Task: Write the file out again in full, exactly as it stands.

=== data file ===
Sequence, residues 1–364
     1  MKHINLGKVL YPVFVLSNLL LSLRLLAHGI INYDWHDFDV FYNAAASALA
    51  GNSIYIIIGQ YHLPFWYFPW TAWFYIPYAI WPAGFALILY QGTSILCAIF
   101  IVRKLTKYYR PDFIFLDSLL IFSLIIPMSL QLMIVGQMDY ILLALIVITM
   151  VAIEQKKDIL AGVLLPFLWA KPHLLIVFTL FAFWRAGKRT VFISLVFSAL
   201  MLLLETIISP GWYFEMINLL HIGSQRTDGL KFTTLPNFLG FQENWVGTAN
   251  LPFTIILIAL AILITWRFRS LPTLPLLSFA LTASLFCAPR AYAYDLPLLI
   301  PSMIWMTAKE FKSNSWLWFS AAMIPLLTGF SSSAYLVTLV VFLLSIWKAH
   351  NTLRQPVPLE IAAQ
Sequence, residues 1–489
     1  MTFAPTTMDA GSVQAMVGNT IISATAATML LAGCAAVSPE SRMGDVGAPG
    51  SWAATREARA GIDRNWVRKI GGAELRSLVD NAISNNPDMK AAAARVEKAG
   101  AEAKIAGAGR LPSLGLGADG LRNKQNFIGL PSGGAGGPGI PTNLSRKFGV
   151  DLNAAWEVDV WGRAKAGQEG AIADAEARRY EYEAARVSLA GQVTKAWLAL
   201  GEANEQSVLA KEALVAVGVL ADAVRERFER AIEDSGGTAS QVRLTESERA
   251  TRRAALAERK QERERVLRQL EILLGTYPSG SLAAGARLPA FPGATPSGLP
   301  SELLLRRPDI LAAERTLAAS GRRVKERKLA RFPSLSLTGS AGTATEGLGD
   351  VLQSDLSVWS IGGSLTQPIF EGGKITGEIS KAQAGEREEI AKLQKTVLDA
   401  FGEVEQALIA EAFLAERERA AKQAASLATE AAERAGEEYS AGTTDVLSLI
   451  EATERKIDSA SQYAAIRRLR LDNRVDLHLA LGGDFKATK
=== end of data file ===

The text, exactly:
Sequence, residues 1–364
     1  MKHINLGKVL YPVFVLSNLL LSLRLLAHGI INYDWHDFDV FYNAAASALA
    51  GNSIYIIIGQ YHLPFWYFPW TAWFYIPYAI WPAGFALILY QGTSILCAIF
   101  IVRKLTKYYR PDFIFLDSLL IFSLIIPMSL QLMIVGQMDY ILLALIVITM
   151  VAIEQKKDIL AGVLLPFLWA KPHLLIVFTL FAFWRAGKRT VFISLVFSAL
   201  MLLLETIISP GWYFEMINLL HIGSQRTDGL KFTTLPNFLG FQENWVGTAN
   251  LPFTIILIAL AILITWRFRS LPTLPLLSFA LTASLFCAPR AYAYDLPLLI
   301  PSMIWMTAKE FKSNSWLWFS AAMIPLLTGF SSSAYLVTLV VFLLSIWKAH
   351  NTLRQPVPLE IAAQ
Sequence, residues 1–489
     1  MTFAPTTMDA GSVQAMVGNT IISATAATML LAGCAAVSPE SRMGDVGAPG
    51  SWAATREARA GIDRNWVRKI GGAELRSLVD NAISNNPDMK AAAARVEKAG
   101  AEAKIAGAGR LPSLGLGADG LRNKQNFIGL PSGGAGGPGI PTNLSRKFGV
   151  DLNAAWEVDV WGRAKAGQEG AIADAEARRY EYEAARVSLA GQVTKAWLAL
   201  GEANEQSVLA KEALVAVGVL ADAVRERFER AIEDSGGTAS QVRLTESERA
   251  TRRAALAERK QERERVLRQL EILLGTYPSG SLAAGARLPA FPGATPSGLP
   301  SELLLRRPDI LAAERTLAAS GRRVKERKLA RFPSLSLTGS AGTATEGLGD
   351  VLQSDLSVWS IGGSLTQPIF EGGKITGEIS KAQAGEREEI AKLQKTVLDA
   401  FGEVEQALIA EAFLAERERA AKQAASLATE AAERAGEEYS AGTTDVLSLI
   451  EATERKIDSA SQYAAIRRLR LDNRVDLHLA LGGDFKATK